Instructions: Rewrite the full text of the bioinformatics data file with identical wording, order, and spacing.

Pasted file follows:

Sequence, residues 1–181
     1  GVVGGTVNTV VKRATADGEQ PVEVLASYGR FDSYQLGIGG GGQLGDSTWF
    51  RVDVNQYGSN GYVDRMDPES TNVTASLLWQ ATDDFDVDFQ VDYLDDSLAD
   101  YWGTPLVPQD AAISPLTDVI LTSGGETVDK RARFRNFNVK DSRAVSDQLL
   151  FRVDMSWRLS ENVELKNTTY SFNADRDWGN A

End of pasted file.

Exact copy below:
Sequence, residues 1–181
     1  GVVGGTVNTV VKRATADGEQ PVEVLASYGR FDSYQLGIGG GGQLGDSTWF
    51  RVDVNQYGSN GYVDRMDPES TNVTASLLWQ ATDDFDVDFQ VDYLDDSLAD
   101  YWGTPLVPQD AAISPLTDVI LTSGGETVDK RARFRNFNVK DSRAVSDQLL
   151  FRVDMSWRLS ENVELKNTTY SFNADRDWGN A